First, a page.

PositiveThe Guardian (UK)Given how many times Vivian Gornick has elaborated on the faults of her 1977 oral history, The Romance of American Communism, I feel a little unsophisticated for finding it so compelling. The things she has said of the book – that it is \'strangely over-written\' and that there is a tendency to romanticise – are true. Everyone should have someone in their lives who looks at them the way Gornick looks at her former communists ... This isn’t a book about dangerous revolutionaries or what a communist America might actually have looked like – it isn’t even exactly about politics. Instead it is about people whom Gornick regards as \'honest dissenters\', and how communism made them feel. As such, it is far from complete as a history of American communism but it is a fascinating and enlightening contribution to one.
Nancy F. Cott
PositiveThe Times Literary Supplement (UK)Those who dug in and stayed long enough became some of the best-informed voices to speak up against American isolationism in the years of fascism’s march, as Nancy F. Cott shows in Fighting Words ... Eventually history solved the problem of objectivity ... Sheean was in the Sudetenland at the time of the Munich Crisis. By then, he wrote, \'objective reporting\' was \'hardly possible\': the threat from German aggression was too abundantly clear. He, Gunther and Thompson were unequivocal about the dangers of fascism and vocal in encouraging the US to take an active role in world affairs. Cott is explicit about parallels between their time ... Cott...crams a lot into this book, but there’s a lot to cover. Geopolitics jostles with affairs, adventures, marriages, break-ups and break-downs, births, deaths, careers and friendships. At its core are the influence and responsibility of journalists.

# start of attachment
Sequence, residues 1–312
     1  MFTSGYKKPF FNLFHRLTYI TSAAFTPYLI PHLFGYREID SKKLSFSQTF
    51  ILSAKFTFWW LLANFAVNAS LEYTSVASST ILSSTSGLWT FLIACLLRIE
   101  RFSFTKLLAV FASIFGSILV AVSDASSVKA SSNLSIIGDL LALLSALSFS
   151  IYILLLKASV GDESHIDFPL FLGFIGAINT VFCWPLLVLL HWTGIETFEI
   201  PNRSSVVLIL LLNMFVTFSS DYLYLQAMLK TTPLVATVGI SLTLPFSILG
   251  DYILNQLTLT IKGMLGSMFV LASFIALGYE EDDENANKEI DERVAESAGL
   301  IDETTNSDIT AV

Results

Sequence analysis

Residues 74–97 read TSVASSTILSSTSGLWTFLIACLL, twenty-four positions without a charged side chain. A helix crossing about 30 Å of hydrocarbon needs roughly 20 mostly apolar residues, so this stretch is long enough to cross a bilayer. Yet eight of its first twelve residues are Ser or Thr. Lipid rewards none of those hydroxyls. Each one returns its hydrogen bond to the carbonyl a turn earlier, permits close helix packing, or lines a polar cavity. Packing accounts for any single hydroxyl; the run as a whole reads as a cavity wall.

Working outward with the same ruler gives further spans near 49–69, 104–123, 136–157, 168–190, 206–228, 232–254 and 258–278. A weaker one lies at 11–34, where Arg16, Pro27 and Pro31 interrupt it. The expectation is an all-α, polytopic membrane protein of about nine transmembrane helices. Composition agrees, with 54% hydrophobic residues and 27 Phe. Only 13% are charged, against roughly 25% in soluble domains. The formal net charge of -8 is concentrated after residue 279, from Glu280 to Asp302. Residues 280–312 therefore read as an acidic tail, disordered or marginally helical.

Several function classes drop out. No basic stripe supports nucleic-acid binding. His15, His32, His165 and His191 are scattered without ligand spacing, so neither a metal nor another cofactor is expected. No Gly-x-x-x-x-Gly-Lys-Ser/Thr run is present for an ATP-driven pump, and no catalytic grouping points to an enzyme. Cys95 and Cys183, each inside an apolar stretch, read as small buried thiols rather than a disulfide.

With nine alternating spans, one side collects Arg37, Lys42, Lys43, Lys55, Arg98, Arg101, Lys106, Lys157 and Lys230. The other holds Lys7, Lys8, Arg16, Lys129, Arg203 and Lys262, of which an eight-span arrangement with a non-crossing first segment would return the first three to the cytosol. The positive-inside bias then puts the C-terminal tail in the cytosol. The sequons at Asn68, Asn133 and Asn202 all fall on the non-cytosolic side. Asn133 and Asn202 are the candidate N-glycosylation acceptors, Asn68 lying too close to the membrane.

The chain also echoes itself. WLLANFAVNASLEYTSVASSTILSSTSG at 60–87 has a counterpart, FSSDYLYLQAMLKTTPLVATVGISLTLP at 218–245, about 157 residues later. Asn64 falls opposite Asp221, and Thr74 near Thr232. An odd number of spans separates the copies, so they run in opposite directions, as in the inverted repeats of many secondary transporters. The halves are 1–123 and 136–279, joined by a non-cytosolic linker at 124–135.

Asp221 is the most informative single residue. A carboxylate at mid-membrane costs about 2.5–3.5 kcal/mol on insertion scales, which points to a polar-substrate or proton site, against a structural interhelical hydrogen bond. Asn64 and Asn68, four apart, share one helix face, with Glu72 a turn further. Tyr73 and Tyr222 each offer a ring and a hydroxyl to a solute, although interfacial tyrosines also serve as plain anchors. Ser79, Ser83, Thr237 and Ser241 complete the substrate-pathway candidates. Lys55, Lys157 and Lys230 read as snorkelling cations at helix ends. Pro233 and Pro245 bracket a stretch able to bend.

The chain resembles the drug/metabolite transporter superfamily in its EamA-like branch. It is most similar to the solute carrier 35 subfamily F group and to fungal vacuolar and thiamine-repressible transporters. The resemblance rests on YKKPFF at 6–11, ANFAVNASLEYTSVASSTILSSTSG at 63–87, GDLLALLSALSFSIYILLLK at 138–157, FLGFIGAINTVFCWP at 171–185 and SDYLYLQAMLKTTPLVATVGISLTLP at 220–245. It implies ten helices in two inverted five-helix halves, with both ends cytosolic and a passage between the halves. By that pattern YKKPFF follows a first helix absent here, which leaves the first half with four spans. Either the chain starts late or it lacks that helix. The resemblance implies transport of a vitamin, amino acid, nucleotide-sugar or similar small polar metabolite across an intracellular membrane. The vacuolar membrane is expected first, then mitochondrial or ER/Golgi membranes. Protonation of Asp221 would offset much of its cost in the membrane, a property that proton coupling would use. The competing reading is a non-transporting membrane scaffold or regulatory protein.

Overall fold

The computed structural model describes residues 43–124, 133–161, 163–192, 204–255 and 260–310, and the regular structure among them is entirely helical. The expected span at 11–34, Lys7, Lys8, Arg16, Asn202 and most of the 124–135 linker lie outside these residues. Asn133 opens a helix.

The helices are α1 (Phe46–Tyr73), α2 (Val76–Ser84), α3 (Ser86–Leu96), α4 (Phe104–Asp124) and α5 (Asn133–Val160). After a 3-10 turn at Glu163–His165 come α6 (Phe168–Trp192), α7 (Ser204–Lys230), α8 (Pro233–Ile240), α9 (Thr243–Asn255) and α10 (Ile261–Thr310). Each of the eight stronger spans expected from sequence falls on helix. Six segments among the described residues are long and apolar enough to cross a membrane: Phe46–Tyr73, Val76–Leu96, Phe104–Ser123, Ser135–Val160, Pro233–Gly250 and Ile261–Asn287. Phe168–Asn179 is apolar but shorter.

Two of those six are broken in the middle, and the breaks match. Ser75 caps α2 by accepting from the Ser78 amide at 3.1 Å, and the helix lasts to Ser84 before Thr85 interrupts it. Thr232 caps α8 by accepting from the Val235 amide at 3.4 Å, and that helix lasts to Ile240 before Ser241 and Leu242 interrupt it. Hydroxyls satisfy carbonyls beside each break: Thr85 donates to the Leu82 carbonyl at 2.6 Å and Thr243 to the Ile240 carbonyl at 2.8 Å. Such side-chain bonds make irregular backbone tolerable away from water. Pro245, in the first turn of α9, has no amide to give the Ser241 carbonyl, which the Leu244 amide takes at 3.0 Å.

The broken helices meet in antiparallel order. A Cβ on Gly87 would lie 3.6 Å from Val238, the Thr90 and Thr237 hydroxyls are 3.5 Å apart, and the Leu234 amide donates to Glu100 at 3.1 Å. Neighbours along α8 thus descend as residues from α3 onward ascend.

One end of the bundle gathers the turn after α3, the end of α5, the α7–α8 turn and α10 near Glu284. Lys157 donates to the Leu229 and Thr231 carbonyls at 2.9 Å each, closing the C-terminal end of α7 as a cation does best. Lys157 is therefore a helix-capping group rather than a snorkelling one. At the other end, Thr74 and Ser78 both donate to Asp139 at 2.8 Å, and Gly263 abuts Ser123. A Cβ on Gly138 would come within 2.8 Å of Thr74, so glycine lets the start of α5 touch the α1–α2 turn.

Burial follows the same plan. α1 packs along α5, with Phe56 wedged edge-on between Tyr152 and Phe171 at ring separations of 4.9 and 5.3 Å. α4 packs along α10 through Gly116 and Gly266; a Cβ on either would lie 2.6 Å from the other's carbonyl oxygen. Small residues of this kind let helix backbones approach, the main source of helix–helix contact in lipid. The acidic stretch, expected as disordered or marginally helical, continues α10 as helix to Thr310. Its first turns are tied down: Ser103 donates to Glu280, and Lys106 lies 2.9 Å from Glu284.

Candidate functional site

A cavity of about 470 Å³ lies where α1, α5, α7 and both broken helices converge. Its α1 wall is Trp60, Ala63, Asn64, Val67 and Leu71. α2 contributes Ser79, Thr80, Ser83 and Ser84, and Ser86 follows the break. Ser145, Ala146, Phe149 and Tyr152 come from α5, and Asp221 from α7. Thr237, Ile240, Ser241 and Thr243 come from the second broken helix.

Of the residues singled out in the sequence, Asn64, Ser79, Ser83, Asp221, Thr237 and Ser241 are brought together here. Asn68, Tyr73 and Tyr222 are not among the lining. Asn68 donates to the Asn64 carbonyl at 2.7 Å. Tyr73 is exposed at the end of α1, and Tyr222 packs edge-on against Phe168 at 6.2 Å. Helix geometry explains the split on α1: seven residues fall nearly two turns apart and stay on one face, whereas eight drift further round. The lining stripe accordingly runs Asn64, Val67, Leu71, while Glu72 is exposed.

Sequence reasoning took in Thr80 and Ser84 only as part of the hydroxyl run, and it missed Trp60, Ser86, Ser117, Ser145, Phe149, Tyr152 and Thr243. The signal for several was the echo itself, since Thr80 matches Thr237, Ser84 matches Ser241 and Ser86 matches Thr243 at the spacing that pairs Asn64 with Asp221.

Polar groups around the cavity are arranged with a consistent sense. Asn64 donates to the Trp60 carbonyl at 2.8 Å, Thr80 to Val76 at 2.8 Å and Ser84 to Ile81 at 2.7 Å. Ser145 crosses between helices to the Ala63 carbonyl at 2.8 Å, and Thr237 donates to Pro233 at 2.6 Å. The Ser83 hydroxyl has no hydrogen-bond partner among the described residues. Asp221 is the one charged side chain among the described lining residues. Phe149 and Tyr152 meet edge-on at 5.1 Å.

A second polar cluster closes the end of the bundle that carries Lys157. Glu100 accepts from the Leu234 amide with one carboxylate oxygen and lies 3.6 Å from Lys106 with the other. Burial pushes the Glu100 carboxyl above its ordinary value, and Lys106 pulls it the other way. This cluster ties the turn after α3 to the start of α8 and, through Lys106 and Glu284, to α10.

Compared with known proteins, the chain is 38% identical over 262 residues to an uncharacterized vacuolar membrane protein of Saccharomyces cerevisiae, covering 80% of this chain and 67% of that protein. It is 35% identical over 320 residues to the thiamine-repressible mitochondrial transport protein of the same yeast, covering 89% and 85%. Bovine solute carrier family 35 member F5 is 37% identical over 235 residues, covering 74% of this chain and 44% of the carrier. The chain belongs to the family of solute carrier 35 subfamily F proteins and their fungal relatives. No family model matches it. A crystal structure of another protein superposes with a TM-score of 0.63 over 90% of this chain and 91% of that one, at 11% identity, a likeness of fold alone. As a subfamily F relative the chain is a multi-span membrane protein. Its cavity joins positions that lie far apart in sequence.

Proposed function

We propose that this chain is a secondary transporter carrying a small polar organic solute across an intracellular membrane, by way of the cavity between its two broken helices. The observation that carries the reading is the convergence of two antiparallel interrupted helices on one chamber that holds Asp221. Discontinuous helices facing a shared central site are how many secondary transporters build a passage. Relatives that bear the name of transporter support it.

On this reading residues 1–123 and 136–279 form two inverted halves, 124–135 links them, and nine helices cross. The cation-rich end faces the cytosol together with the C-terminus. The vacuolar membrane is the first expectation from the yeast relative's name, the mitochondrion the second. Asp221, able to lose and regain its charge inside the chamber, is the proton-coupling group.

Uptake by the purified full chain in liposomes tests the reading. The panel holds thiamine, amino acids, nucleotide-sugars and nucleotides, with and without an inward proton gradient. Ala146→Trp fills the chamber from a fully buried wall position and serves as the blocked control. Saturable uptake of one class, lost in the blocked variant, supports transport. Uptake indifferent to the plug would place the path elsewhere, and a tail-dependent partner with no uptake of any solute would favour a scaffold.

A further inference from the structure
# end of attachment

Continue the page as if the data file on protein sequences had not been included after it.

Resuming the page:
MixedThe Guardian (UK)In her readable and thorough biography, Eleanor Fitzsimons presents a real life of high drama and storytelling ... interesting in showing how Nesbit’s lifelong socialist principles found expression in her children’s books. Yet perhaps the biographer is too insistent on drawing links between the life and the fiction. It is true that Nesbit’s characters are often semi-orphans, but then any children’s writer worth their salt knows that absent, or at least supremely negligent, parents are a prerequisite for a decent adventure. Fitzsimons does not always allow for the complex workings of fantasy, craft and imagination in the fiction – elements that are just as relevant, one suspects, in Nesbit’s approach to life.